Psilocybin v. Escitalopram: Study Compares Effects on Depression
Psilocybin v. Escitalopram: Study Compares Effects on Depression

How does psilocybin — a psychedelic that remains illegal in the vast majority of the United States —stack up against frequently prescribed SSRI Escitalopram to treat depression?

According to the results of a study published by the Cambridge University Press this past June, pretty well. But, not so well that the hallucinogen proved to be all that superior.

“Psilocybin treatment was observed to produce a more robust antidepressant response, involving decreases in neuroticism, introversion, disagreeableness, and impulsivity, compared to decreases in neuroticism, disagreeableness, and impulsivity related to Escitalopram,” the study authors concluded. “However, no formal differences in the magnitude of response was detected between the therapies.”

59 patients with diagnoses of moderate-to-severe major depression participated in the phase 2, double-blind, randomized, active comparator controlled trial, which grouped 30 individuals into the psilocybin treatment (PT) and 29 into the Escitalopram treatment (ET), studying the changes in personality relative to each treatment, both of which were paired with additional psychological support, including psychoeducation, therapeutic-alliance-building, and a form of Acceptance and Commitment Therapy.

To keep the study “blind,” however, both groups still received psilocybin, with the PT receiving a 25 mg dose of Compass Pathways’ COMP360 and the ET group receiving just 1 mg of psilocybin during their first dosage day. Neither patients nor staff administering the medicine were aware of what dosage they would receive. Then, after any psychedelic effects subsided, researchers measured the participants’ acute experience.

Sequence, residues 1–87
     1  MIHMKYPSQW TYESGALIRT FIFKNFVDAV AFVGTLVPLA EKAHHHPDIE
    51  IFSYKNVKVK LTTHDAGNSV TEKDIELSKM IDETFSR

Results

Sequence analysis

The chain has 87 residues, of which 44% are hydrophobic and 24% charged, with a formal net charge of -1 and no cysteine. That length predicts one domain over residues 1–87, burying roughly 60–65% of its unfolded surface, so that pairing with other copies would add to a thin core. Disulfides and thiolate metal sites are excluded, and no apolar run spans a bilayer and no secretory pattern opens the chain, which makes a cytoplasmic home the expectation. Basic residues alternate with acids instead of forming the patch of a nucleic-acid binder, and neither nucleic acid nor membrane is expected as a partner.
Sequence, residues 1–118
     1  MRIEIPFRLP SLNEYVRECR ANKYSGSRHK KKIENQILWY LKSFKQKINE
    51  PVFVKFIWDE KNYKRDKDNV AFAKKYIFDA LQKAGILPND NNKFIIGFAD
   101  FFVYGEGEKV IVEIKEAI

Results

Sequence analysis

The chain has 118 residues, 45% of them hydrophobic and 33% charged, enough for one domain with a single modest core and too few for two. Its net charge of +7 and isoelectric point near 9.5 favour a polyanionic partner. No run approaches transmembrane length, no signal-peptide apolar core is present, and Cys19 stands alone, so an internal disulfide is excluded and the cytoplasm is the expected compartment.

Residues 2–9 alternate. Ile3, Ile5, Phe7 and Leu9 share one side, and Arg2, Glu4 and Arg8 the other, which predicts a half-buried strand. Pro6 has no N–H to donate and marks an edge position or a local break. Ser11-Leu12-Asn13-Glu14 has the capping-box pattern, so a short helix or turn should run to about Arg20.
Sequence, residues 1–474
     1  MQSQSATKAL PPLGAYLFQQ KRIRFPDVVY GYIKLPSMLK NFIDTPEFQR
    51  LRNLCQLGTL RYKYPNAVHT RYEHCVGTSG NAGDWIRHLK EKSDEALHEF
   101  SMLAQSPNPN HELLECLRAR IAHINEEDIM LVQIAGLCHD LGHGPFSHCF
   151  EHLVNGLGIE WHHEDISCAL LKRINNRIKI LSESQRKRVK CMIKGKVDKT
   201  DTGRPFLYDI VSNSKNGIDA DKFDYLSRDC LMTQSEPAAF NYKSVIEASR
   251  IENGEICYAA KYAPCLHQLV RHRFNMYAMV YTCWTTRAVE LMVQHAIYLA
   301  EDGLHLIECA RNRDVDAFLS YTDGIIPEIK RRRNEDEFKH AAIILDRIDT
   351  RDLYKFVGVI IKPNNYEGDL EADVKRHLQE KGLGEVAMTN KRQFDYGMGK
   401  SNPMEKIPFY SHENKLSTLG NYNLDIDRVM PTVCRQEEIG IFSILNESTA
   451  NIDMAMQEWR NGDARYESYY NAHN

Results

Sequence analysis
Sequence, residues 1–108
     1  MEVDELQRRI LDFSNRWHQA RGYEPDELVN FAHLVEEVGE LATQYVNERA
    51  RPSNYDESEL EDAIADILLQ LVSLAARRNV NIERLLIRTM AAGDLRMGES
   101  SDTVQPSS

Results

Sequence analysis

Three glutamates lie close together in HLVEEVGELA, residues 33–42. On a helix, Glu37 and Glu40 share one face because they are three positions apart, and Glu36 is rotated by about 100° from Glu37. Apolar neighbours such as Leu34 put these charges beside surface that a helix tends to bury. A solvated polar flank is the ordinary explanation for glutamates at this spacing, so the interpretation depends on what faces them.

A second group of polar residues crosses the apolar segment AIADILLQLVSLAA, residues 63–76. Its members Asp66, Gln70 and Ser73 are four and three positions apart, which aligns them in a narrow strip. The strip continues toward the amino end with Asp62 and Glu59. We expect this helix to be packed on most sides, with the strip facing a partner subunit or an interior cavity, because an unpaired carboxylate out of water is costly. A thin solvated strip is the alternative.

After the initial dosage day, PT patients were sent home with placebo capsules and instructed to take one each day for three weeks until the next dosage visit. ET group received capsules containing 10 mg of escitalopram and instructed to take one each day as well. That cycle was completed one more time, for a total period of six weeks. Six months later, patients were emailed survey links with additional self-report questionnaires.

Ultimately, the researchers concluded, “Personality changes across both conditions were in a direction consistent with improved mental health. With the possible exception of trait absorption, there were no compelling between-condition differences warranting conclusions regarding a selective action of PT (v. ET) on personality.”

However, a research paper published a month earlier in Journal of Affective Disorders analyzed data from the same study, and came to a slightly different conclusion.

“With psilocybin therapy, but not escitalopram, improvements in mental health outcomes (i.e., well-being, depression severity, suicidal ideation, and trait anxiety) occurred via reductions in experiential avoidance,” authors wrote.

Experiential avoidance is a psychological term referring to a patients’ unwillingness to remain in contact with aversive experiences such as painful feelings, thoughts, and emotions. According to the National Institutes of Health, EA is often associated with the development and maintenance of emotional problems.

In other words, psilocybin enabled patients to feel more comfortable facing the problems that could be the root cause of their depression, giving researchers another clue with it may be more effective in the long run.

“These results provide support for the role of reduced experiential avoidance as a putative mechanism underlying psilocybin therapy’s positive therapeutic outcomes,” authors concluded. “The present findings may help to tailor, refine, and optimize psilocybin therapy and its delivery.”

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